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Gaming History You Should Know – The Failure of New Coke January 17, 2021

Posted by Maniac in Gaming History You Should Know, Uncategorized.
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It’s Sunday, time for a new Gaming History You Should Know, a series where we highlight some of the best independently produced documentaries about the history of gaming. Today, we’re going to be talking about one of the biggest failures in the history of capitalism, which had gone on to serve as a stark reminder to all successful companies ever since. That’s right you guessed it, we’re going to talk about the time New Coke was released.

I know what you’re thinking, New Coke is a soda, it has nothing to do with gaming whatsoever, so why are we highlighting it here? Oh my, you sweet dear. Gamers have been drinking soda while gaming since the dawn of the hobby, and while everyone has their own personal preferences (Bawls, Mountain Dew, Pepsi) we cannot dismiss the ongoing success of the Coca-Cola Company, and their line of products including Coca-Cola Classic, Sprite and Diet Coke. In fact, programming god John Carmack was well known for his love of drinking down Diet Coke while working on his games at id Software, and I’m sure he isn’t alone.

Coca-Cola had been a successful company and known as the US’s favorite soda for nearly a century. However, by the 80s, heavy competition was starting to get distributed nationwide. Pepsi, a rival cola, had increased its market share, and many consumers believed that was due to the fact Pepsi tasted better than Coke. Coke, after doing tons of blind taste testing, believed they found a new beverage formula that tasted better than Pepsi, and that new beverage could wipe Pepsi out.

With this new flavor in mind, The Coca-Cola Company announced they would be changing the taste of Coke to this new focus tested soda, and branded it New Coke. Obviously, it didn’t work, and the company reversed course. After its fall, New Coke would go on to be nearly every comedian’s analogy for failure. Some people even assumed it was some nefarious trick pulled by the company to increase sales in the long term by intentionally releasing a bad product in the short term to trick consumers into thinking they may lose out on restocking their favorite beverage. In fact, most people remember that train of thought being the inspiration for a Futurama joke in the episode where the characters visit the Slurm factory.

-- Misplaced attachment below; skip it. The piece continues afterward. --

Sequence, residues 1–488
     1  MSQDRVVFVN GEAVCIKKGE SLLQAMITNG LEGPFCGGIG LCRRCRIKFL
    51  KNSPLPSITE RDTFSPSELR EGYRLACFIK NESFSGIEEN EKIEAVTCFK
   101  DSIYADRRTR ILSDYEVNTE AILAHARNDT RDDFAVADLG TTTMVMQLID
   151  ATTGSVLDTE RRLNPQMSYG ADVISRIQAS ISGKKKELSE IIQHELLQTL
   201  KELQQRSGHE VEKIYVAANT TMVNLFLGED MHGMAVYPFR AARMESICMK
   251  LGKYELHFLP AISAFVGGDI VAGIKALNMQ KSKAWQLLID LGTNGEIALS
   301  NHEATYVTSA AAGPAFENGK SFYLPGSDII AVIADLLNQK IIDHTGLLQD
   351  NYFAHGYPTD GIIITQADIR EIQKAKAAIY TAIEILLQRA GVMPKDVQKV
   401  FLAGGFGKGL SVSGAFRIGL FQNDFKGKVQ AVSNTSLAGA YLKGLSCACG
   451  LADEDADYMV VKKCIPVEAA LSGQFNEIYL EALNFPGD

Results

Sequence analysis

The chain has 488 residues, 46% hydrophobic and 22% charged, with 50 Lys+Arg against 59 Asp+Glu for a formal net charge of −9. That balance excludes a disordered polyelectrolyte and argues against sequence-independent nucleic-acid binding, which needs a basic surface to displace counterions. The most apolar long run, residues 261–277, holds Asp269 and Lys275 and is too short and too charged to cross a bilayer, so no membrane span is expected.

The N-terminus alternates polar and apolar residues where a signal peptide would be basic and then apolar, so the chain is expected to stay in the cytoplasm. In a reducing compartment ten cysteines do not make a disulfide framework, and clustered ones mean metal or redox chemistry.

Was there more to this story? Was it a conspiracy? YouTube icon Company Man, who has discussed everything from the demise of beloved toy stores to the origins of Dippin Dots, produced a fantastic documentary about the origins and the fallout of New Coke. If you’re a fan of Coca-Cola or not, you should totally give it a watch!

Let’s be honest, this whole fight was over personal taste, and that’s subjective. Every person will have their own personal preferences, and there’s nothing wrong with that. However, this seemed to be a rare case of EVERYONE universally agreeing they didn’t want Coke to change, and the company had to bow to their consumers’ will.

Did we ever see New Coke again? Yes, in many forms. For a while, cans of New Coke would share store shelf space next to the (now rebranded) Coca-Cola Classic, until its supply ran out. There was a push to bring it back during the 90s, and people might remember seeing bottles of something called Coke II at their supermarket at that time. Due to its poor label design, I incorrectly assumed it was some kind of store brand knock-off and never purchased it but apparently Coke II was New Coke. More recently, Coca-Cola partnered with Netflix to promote Coke during the launch of Stranger Things season 3. The show, if you’re unfamiliar with it, is a period piece and that specific season happened to take place at the same time New Coke launched. While they couldn’t actually SELL New Coke (maybe there was an issue with it being approved by the FDA for sale) they gave it away during many points of that summer, including to people who visited the Atlanta plant.

I actually still have a can of the stuff hanging around somewhere. If there’s a demand, I could do a taste test video of it down the road.